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How Ormat Technologies, Inc. (NYSE:ORA) Can Impact Your Portfolio Volatility

Simply Wall St

Anyone researching Ormat Technologies, Inc. (NYSE:ORA) might want to consider the historical volatility of the share price. Modern finance theory considers volatility to be a measure of risk, and there are two main types of price volatility. The first category is company specific volatility. This can be dealt with by limiting your exposure to any particular stock. The second type is the broader market volatility, which you cannot diversify away, since it arises from macroeconomic factors which directly affects all the stocks on the market.

Some stocks mimic the volatility of the market quite closely, while others demonstrate muted, exagerrated or uncorrelated price movements. Some investors use beta as a measure of how much a certain stock is impacted by market risk (volatility). While we should keep in mind that Warren Buffett has cautioned that 'Volatility is far from synonymous with risk', beta is still a useful factor to consider. To make good use of it you must first know that the beta of the overall market is one. A stock with a beta greater than one is more sensitive to broader market movements than a stock with a beta of less than one.

Check out our latest analysis for Ormat Technologies

What we can learn from ORA's beta value

With a beta of 1.05, (which is quite close to 1) the share price of Ormat Technologies has historically been about as voltile as the broader market. While history does not always repeat, this may indicate that the stock price will continue to be exposed to market risk, albeit not overly so. Share price volatility is well worth considering, but most long term investors consider the history of revenue and earnings growth to be more important. Take a look at how Ormat Technologies fares in that regard, below.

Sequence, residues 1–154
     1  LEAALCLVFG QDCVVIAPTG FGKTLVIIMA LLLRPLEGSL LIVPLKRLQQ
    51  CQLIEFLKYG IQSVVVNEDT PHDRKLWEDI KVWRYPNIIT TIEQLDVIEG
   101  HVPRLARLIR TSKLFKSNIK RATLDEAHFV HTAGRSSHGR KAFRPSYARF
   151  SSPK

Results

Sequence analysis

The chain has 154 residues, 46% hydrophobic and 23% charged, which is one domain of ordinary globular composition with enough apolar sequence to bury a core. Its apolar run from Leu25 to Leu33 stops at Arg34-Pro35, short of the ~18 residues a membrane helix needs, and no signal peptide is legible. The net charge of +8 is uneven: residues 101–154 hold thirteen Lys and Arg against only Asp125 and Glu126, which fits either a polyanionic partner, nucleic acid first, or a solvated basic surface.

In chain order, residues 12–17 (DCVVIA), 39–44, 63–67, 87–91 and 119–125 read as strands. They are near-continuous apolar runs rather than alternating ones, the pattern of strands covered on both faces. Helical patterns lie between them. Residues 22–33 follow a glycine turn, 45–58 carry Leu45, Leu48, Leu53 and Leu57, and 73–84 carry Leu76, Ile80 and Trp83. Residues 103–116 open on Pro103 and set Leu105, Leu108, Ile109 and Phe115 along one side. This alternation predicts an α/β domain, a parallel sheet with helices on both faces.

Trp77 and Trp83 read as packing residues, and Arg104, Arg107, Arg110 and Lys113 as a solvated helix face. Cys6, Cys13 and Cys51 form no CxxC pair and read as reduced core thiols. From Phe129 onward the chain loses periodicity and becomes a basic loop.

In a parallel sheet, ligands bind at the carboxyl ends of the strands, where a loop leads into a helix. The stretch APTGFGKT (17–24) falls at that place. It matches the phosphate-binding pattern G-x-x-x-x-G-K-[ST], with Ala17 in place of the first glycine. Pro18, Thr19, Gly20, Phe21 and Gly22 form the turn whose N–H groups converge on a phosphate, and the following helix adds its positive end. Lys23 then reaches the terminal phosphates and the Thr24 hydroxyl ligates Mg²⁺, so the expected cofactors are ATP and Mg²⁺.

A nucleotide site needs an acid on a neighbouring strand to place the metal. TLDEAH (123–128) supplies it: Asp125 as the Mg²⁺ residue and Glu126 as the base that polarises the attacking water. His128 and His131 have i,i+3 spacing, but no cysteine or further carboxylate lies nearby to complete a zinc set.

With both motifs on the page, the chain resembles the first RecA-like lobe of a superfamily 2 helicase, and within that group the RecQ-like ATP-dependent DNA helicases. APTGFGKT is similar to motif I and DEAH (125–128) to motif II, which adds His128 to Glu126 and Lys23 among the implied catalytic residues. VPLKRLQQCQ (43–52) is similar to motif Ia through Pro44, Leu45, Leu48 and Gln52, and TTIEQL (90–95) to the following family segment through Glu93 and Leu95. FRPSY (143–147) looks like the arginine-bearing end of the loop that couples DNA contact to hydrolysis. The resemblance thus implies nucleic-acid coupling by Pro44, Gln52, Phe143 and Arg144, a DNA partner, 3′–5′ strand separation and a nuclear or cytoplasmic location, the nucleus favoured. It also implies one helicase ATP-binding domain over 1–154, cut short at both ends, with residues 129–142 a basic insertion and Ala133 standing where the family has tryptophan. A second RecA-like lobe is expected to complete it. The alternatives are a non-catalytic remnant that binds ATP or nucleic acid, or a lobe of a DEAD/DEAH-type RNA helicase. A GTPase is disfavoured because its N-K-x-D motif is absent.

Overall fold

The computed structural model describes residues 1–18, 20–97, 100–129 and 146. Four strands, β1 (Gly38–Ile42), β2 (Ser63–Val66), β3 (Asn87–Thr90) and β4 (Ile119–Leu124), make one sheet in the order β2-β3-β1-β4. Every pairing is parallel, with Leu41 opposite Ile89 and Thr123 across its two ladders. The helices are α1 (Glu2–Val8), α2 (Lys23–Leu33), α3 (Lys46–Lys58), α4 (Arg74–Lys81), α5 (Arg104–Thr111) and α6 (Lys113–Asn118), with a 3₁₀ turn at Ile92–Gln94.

NYSE:ORA Income Statement, September 16th 2019

Could ORA's size cause it to be more volatile?

Ormat Technologies is a fairly large company. It has a market capitalisation of US$3.7b, which means it is probably on the radar of most investors. It's not overly surprising to see large companies with beta values reasonably close to the market average. After all, large companies make up a higher weighting of the index than do small companies.

What this means for you:

Ormat Technologies has a beta value quite close to that of the overall market. That doesn't tell us much on its own, so it is probably worth considering whether the company is growing, if you're looking for stocks that will go up more than the overall market. This article aims to educate investors about beta values, but it's well worth looking at important company-specific fundamentals such as Ormat Technologies’s financial health and performance track record. I highly recommend you dive deeper by considering the following:

  1. Future Outlook: What are well-informed industry analysts predicting for ORA’s future growth? Take a look at our free research report of analyst consensus for ORA’s outlook.
  2. Past Track Record: Has ORA been consistently performing well irrespective of the ups and downs in the market? Go into more detail in the past performance analysis and take a look at the free visual representations of ORA's historicals for more clarity.
  3. Other Interesting Stocks: It's worth checking to see how ORA measures up against other companies on valuation. You could start with this free list of prospective options.

We aim to bring you long-term focused research analysis driven by fundamental data. Note that our analysis may not factor in the latest price-sensitive company announcements or qualitative material.

If you spot an error that warrants correction, please contact the editor at editorial-team@simplywallst.com. This article by Simply Wall St is general in nature. It does not constitute a recommendation to buy or sell any stock, and does not take account of your objectives, or your financial situation. Simply Wall St has no position in the stocks mentioned. Thank you for reading.